Bernie Sanders is experiencing a bit of a surge in the polls as the presidential campaign season heads toward the first primary contests next month, in Iowa, New Hampshire, and South Carolina. He's held the lead in New Hampshire since December 3, and has pulled to within 12 points of Hillary Clinton in national polling. In an interview this Sunday with George Stephanopoulos on ABC's This Week, Sanders said he was the most electable candidate on the Democrat side.
Sanders previously experienced a bit of a surge in the polls over the summer but that didn't get him past Clinton. Nevertheless, Clinton has been tacking leftward toward Sanders even before the summer surge, and Sanders' "democratic socialism" may represent the future of Democrats. Sanders has built his popularity almost exclusively on promises to spend more money not just on the poor but not on everybody, without even a hint that he understands why that would only exacerbate the "wealth inequality" he rails so often against.
Sanders hasn't been specific about where the money would come from, mentioning only one transaction tax on Wall Street. Such a tax, by itself, wouldn't come close to funding Sanders' promises—his plans require massive tax hikes not just on the rich but on the middle class, meaning his efforts at offering everyone an education could not only increase inequality (since richer people are, in general, more likely to take advantage of entitlements like a "free education") but also actually redistribute wealth upward.
Sanders' success despite this is due to America's mathematical illiteracy and today on social media, among all the tributes and pictures and videos of David Bowie, one meme went so viral as to merit a response from Snopes.com just an hour ago.
Here's the meme:
The math is way off. Divided among 300 million Americans, the $1.2 billion Powerball jackpot, even before taxes and the cut taking it as lump sum (as most people do) comes with, would amount to just $4.00 per person, not $4 million. That's not a minor error, it's off by six orders of magnitude. And it's not an uncommon one. Snopes.com brought up a similar meme from last year, which I remember seeing, that thought $317 million of Obamacare spending was enough to just give every American about $1 million each.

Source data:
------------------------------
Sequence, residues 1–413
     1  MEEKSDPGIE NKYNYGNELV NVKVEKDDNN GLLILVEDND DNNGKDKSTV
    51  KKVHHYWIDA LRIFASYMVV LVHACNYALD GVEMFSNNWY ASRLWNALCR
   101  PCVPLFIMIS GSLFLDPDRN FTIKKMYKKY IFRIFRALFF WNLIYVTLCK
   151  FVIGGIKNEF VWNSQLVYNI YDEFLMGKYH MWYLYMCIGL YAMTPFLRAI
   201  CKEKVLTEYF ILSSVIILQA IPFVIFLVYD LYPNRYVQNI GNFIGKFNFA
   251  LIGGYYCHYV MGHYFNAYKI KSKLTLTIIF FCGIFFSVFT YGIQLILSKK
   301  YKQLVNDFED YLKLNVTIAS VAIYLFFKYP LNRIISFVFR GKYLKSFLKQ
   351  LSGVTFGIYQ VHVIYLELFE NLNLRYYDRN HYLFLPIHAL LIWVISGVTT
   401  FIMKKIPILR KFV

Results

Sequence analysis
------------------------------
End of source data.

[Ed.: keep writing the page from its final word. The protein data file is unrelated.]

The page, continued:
How much would it actually take for the government to "give" every American a million dollars? $300 trillion. If the government spends about $4 trillion a year, it would take 75 years of federal spending to give every American alive today $1 million. By then there would be millions if not a billion more Americans.
There's a relevant Richard Feynman quotes about big numbers. "There are 1011 stars in the galaxy," Feynman once said. "That used to be a huge number. But it's only a hundred billion. It's less than the national deficit! We used to call them astronomical numbers. Now we should call them economical numbers." That was at least three decades ago—the annual deficit is at about a trillion now.
People have trouble conceptualizing numbers as big as a thousand, let alone a million, billion, or trillion. They listen to Bernie Sanders and come to the conclusion if only government took more money from "billionaires" it could fund everything for everyone. Appeals to reason and math are discounted as right-wing propaganda.
Here's another fun meme about this:
Share your own favorites below.